Adam Smith, Karl Marx, Joseph Schumpeter & J.M. Keynes

So here’s a message to the NFL.  Keep your grubby hands off my NFL.  Enough is enough.  Let the teams play.  And don’t for goodness sake create new rules to protect the special chosen ones of the NFL.   Let the men be men, and let the chips fall where they lay.

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Comments
  1. briana says:

    Well said. 🙂 And, good reason to stay with good ol’ highschool ball.

  2. Andrew says:

    Was thinking the same thing about baseball. How true this all is. Great Post, Jay.

    • hermsworld says:

      I hesitate to agree completely because the rules of baseball have basically stayed the same for decades. Minus performance enhancing drugs-which MLB is doing a better job at getting rid of than NFL-I feel like I’m watching the same game that my great-grandfather would have watched. Now-you can mention the “mush-ball” vs. “live-ball” eras-but again, I think the last major change to baseballs was in 1919. The pitchers used to pitch from 50 feet as well-not 60′ 6″. Those are the kind of hyper-regulatory rule changes that baseball would need to undergo to come anywhere close to how the NFL has changed the game.The next thing baseball faces that might change the game is instant replay. Please dear God, don’t let them bring in instant replay. I don’t think there is a true baseball purist in the nation that wants it. The reason it would be instituted is to help surge the popularity of the game…ahhh sorry-this could be another post.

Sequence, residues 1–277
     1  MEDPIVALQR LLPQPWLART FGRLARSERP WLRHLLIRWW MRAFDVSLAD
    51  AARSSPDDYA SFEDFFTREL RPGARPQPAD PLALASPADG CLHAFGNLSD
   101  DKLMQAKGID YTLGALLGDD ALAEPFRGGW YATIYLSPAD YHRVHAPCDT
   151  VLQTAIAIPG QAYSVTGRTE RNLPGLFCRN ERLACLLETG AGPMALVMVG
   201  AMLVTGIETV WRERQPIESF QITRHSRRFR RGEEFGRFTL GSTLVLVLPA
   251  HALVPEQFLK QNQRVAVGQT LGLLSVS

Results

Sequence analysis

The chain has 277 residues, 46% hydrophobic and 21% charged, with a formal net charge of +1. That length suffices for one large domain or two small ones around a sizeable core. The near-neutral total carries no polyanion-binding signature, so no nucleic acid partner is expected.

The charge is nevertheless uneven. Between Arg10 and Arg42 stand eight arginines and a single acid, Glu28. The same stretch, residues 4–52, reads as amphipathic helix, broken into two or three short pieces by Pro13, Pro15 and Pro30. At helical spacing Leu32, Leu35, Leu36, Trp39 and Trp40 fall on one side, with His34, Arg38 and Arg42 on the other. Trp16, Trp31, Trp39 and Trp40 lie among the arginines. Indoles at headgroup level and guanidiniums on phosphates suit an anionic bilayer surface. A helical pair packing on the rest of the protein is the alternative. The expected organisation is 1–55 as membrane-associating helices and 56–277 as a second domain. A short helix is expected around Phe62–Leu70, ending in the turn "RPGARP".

3. Andrew says:

    My thought on baseball was about how it is policed by the players. That has worked for decades, sort of an eye for an eye thing. If you hit one of my players, you can be sure i’m going to hit one of yours. Thats more what I was saying, agreeing with Brad’s post that baseball is almost the opposite of football in terms of staying out of the way.

    • hermsworld says:

      Yeah-I agree Andrew. On rare occasions it gets out of control with a bench clearing brawl-but those are really rare. And when they occur-the league does its job doling out punishments…

  4. hermsworld says:

    Reblogged this on hermsworld and commented:

    In light of campaign season well underway and it being Super Bowl Sunday, enjoy this piece I wrote for the blog, “hofworthy” several weeks ago…